This weekend, he'll be explaining why his budget — despite all the changes the New Democrats forced him to make — isn't so bad after all.
The budget war, which pushed the province to the brink of an election, is a cautionary tale about governing in a minority parliament.
Deals with the opposition parties must be made if the Liberals want to push their agenda forward and that may include last-minute changes they don't like.
But faced with a fragile economy and a $15-billion deficit, McGuinty is under pressure to make things work without pressing the panic button and threatening to take voters back to the polls.
The premier says all the parties have learned their lesson, but wouldn't rule out another major dust-up that could spark a snap election.
"I think we're still in ... a little bit of a learning mode when it comes to dealing with a minority government," he said, while still pointing the finger at the NDP.
"You can play around with a lot of things and we can negotiate, we can tinker and we can try to tailor other things. But when you threaten a big part of the substance of the budget, that's a matter of confidence."
The premier's already lost the confidence of Ontarians who witnessed his ham-fisted attempt to ram the budget through the legislature, said Tory finance critic Peter Shurman.
McGuinty was a lawyer before he entered politics, yet "didn't get so much as a handshake" with Horwath when he made a deal to pass the budget, he added.
"I think the election was the great big bluff," Shurman said.
"So we got into a mess, and how are we out of the mess? With a ridiculous set of priorities set by the NDP ... and a budget that doesn't resemble the original paperwork presented to us on March 27."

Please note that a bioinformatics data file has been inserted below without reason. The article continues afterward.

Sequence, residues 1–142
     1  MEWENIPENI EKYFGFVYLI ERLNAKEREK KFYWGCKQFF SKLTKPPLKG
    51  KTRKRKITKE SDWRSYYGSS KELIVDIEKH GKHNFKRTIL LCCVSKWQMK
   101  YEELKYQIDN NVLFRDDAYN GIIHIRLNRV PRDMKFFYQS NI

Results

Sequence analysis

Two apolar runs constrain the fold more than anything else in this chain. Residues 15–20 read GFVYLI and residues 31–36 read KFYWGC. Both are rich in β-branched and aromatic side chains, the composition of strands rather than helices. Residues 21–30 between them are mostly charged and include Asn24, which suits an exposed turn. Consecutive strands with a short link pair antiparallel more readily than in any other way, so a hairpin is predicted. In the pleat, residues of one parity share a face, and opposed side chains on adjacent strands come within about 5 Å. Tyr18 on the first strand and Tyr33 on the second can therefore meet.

Despite all the talk about burying the hatchet, it's clear there are still some hard feelings.
Leading up to the final vote, the Liberals were accusing Horwath of being disingenuous and a backstabber, saying she broke two previous agreements to let the budget pass.
They were furious with the NDP, saying they teamed with the Tories to make more changes to the budget after the government made concessions to get New Democratic support.
But the NDP say they never agreed to rubber stamp the budget bill and gave the Liberals plenty of warning that they planned to make amendments in committee.
McGuinty and his government have lost credibility and dragged down the level of political debate in the province by resorting to personal attacks, said NDP house leader Gilles Bisson.
Last week, the Liberals claimed the opposition-led amendments to the budget bill would create a multibillion-dollar fiscal gap, he said. Now they say they'll be able to meet their targets.
"So which is it?" Bisson asked. "This government has been notorious for saying one thing and doing another."
McGuinty will have to explain to northerners why he's decided to privatize Ontario Northland rail service after promising never to do so, Bisson added. Yet the Liberals accused Horwath of lacking leadership because she supposedly went back on her word.
"So yeah, he's got a credibility problem and I think last week didn't help him," he said.
Next time around, McGuinty said he'll start working with the opposition parties sooner to find some common ground — and maybe get something in writing.
"Obviously we're all going to want to work a little bit harder to make sure we nail everything down so we have all the clarity Ontarians would require of us," he said.
But after the messy breakup with the New Democrats, the premier seems to be looking to the Progressive Conservatives for his next dance partner.
The Tories, who opposed the budget the day it was introduced, say they're willing to hear McGuinty out. The two parties would likely find some common ground on wage and contract arbitration for public-sector workers that were removed from the budget, but are expected to be re-introduced this fall as a separate bill.
But McGuinty's conciliatory tone may change once he calls a byelection in Kitchener-Waterloo, the seat vacated by veteran Tory Elizabeth Witmer. Winning that prize would push the Liberals into majority territory, with no need for support from one of the opposition parties.
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